First, fold the bottom tab of your register inwards like so:

cash register step 1Then, fold both sides downwards from the base like this

cash register step 2Curl the tab around to meet the opposite side of the register

cash register step 3Then secure the tab with tape. Hot glue (or tape) the register to the top of the stand!

cash register step 4Finally, the lemonade. You might recall that the lemonade stand has 3 paper cups glued behind it. These paper cups are to help kids practice sorting their small plastic lemonade glasses, yellow cotton balls, and mini straws.

cup setupFirst, I showed the kids the sequence in which you need to make a glass of lemonade. Cup first, lemonade second, and straw third (to make the mini straws, simple cut a drinking straw into thirds – my mini straws ended up being about 2.5″ long).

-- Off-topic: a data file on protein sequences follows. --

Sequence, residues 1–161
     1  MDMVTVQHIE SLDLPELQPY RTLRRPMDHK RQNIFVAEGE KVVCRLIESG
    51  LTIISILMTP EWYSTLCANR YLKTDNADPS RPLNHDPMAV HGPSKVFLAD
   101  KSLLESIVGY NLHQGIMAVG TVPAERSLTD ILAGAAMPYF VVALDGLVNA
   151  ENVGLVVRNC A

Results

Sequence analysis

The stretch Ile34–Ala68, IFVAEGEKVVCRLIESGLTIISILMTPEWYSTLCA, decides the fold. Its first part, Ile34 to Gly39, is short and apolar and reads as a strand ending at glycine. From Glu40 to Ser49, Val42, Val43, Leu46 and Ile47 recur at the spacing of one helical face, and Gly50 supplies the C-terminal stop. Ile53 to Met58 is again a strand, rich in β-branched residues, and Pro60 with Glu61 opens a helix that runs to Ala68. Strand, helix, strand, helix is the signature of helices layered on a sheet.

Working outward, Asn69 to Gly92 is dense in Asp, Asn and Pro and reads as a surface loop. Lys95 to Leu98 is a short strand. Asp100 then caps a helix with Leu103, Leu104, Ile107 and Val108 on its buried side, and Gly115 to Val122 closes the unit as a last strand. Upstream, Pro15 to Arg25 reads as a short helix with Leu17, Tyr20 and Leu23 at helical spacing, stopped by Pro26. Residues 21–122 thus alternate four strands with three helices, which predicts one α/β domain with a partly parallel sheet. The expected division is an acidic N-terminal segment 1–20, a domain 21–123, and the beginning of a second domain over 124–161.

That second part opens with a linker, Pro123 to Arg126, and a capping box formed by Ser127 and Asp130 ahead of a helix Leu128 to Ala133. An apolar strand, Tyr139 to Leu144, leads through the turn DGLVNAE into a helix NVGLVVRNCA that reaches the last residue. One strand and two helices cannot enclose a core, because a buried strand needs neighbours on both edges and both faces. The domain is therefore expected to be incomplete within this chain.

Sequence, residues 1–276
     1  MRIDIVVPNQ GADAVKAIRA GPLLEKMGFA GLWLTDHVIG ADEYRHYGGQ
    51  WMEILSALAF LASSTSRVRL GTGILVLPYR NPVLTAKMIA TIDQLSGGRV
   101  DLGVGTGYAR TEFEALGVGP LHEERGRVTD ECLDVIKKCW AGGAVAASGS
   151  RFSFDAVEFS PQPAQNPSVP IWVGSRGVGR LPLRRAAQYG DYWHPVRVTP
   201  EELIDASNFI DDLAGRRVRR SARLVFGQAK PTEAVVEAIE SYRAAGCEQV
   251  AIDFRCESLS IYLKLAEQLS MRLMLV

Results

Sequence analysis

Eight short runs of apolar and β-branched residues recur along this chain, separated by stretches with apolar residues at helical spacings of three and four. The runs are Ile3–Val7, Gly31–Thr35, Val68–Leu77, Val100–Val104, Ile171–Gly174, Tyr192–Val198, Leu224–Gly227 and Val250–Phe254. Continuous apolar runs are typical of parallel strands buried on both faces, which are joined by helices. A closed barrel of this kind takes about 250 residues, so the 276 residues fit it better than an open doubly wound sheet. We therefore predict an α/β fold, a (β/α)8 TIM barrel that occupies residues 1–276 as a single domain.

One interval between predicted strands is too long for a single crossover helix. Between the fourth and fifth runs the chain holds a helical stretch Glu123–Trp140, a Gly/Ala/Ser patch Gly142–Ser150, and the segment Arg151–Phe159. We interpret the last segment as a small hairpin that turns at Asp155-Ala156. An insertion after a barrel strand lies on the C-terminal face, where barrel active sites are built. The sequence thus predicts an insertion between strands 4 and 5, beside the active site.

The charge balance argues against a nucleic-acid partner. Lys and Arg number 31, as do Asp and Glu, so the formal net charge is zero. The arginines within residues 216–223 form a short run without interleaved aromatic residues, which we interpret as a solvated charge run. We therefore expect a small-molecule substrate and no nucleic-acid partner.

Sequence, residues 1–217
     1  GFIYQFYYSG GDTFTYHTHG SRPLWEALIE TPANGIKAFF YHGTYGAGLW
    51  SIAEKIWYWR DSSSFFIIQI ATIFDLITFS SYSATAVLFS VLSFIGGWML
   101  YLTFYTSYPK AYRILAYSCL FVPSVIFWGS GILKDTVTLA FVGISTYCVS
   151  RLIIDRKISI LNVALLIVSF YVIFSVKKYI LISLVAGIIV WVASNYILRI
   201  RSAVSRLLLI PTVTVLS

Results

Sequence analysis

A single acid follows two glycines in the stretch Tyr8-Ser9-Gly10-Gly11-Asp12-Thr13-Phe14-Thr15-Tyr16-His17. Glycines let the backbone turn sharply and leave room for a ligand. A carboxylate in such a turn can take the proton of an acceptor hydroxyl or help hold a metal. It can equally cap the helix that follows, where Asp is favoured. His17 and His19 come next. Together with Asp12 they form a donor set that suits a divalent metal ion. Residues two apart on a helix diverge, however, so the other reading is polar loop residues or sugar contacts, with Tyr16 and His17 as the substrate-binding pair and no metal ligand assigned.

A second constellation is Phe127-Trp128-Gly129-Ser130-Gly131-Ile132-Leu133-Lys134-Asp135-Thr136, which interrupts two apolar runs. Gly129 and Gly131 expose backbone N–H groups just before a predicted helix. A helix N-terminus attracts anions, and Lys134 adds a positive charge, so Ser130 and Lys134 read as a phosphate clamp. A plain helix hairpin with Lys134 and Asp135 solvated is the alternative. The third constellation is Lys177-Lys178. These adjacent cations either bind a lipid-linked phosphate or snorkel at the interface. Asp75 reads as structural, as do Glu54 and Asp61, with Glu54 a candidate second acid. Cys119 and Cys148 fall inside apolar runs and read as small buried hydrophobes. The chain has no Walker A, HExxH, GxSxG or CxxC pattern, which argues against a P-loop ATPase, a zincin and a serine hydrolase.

glass of lemonadeWhen your customer is finished, you take apart your lemonade in reverse order, making sure to sort everything back into its proper paper cup. I used yellow cotton balls for lemonade (purchased from Discount School Supply), but you could also use crumpled yellow construction paper. Or red paper – I hear those red lemons are all the rage!

As we stocked the lemonade stand with supplies, we had the kids count out loud with us: 1-2-3 cups, 1-2-3 cotton balls, and 1-2-3 straws. I suggested to parents that they use the stand and some fake (or real) money to give kids a taste of monetary math at home. But for now, let’s simply raise a glass to our lemonade-loving friends!

cheersInterested in other retail opportunities? Check out our ice cream truck and produce stand. Or get historical with our covered wagon & trading post story time! If you’re looking for ways to add a little math to your literacy programs, there are some hints on our Sneaky Math post.